Symantec, a subsidiary of Broadcom and a member of the U.S. Cybersecurity and Infrastructure Security Agency’s Joint Cyber Defense Collaborative, has uncovered a new malware strain the company calls the most advanced piece of malware ever linked to China-based threat actors.
The Symantec Threat Hunter team says it uncovered malware that appears to be used in a long-running espionage campaign against government agencies and critical infrastructure targets, and exhibits technical complexity never seen before by such actors, the company says.
The disclosure caught the attention of CISA, which published an alert linking back to Symantec’s detailed analysis of the malware, dubbed Daxin.
According to Symantec, Daxin, is a backdoor that may have been used as recently as November 2021 by attacks linked to China. It allows attackers to perform communications and data-gathering operations on an infected computer, and appears optimized for use against hardened targets, “allowing the attackers to burrow deep into a target’s network and exfiltrate data without raising suspicions.”
The Daxin malware comes in the form of a Windows kernel driver, which Symantec notes is a relatively rare format for modern malware. The malware implements advanced communications that provide stealth capabilities and enable attackers to communicate with infected computers on highly secure networks where direct internet connectivity is not available.
Symantec says these features are similar to Regin, which it calls an advanced espionage tool discovered by Symantec in 2014 and largely attributed to Western intelligence agencies.
These capabilities indicate that attackers invested significant time and effort into developing the ability to blend into normal network traffic and avoid starting its own network services. Instead, Daxin can abuse legitimate services already running on the infected computer.
The malware is capable of relaying its communications across a network of infected computers within the targeted organization, allowing attackers to select an arbitrary patch across infected computers to send a single command that instructs the machines to establish requested connectivity.
Daxin also includes network tunneling so attackers can communicate with legitimate services on the victim’s network that can be reached from any infected computer.
Symantec notes that the most interesting capability of Daxin is the ability to create a new communication channel across multiple infected computers where the list of nodes is provided by the attacker in a single command.
For each node, the message includes all the details required to establish communication, including the node IP address, TCP port number, and the credentials to use during custom key exchange. When the malware receives the message, it picks the next node from the list, an then uses its own TCP/IP stack to connect to the TCP server listed in the selected entry.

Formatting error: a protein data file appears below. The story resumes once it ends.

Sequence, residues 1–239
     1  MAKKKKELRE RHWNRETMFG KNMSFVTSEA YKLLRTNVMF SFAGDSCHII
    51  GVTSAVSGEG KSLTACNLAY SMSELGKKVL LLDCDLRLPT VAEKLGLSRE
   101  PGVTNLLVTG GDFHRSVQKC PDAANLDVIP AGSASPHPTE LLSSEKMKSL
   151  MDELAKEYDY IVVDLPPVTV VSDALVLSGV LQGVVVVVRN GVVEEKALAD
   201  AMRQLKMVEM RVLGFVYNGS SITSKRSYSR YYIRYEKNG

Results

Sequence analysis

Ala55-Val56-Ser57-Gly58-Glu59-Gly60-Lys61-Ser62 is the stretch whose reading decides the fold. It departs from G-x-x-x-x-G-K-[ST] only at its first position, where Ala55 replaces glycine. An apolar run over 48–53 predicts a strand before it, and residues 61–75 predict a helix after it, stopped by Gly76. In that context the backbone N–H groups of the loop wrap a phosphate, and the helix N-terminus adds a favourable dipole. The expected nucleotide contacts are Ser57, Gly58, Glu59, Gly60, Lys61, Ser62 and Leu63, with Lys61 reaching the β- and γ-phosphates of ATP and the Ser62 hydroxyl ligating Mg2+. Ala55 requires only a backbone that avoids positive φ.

“Once connected, Daxin starts the initiator side protocol,” Symantec says in a blog. “If the peer computer is infected with Daxin, this results in opening a new encrypted communication channel. An updated copy of the original message is then sent over this new channel, where the position of the next node to use is incremented. The process then repeats for the remaining nodes on the list.”
According to Symantec, the malware is rather limited, but provides great value with its stealth and communication capabilities, including the ability to hijack legitimate TCP/IP connections by monitoring all incoming TCP traffic for certain patterns. When those patterns are detected, Daxin takes over the connection and performs a custom key exchange with the remote peer, which opens an encrypted communication channel for receiving commands and sending responses.
This can be augmented by deploying additional components on the infected computer via a dedicated communication mechanism by implementing a device named “\\.\Tcp4,” according to Symantec.
“The malicious components can open this device to register themselves for communication. Each of the components can associate a 32-bit service identifier with the opened \\.\Tcp4 handle. The remote attacker is then able to communicate with selected components by specifying a matching service identified when sending messages of a certain type. The driver also includes a mechanism to send back any responses.”
Daxin was used against government agencies and entities in the telecommunications, transportation and manufacturing sectors, with the earliest known sample dating back to 2013. Notable examples include a 2019 attack against an information technology company and 2020 attacks against a technology company and a military target, according to Symantec.
Other tools associated with China-linked espionage actors were found on some of the same computers where the malware was deployed, the company says.
For mitigation steps and a list of indicators of compromise, visit the Symantec Threat Hunter blog.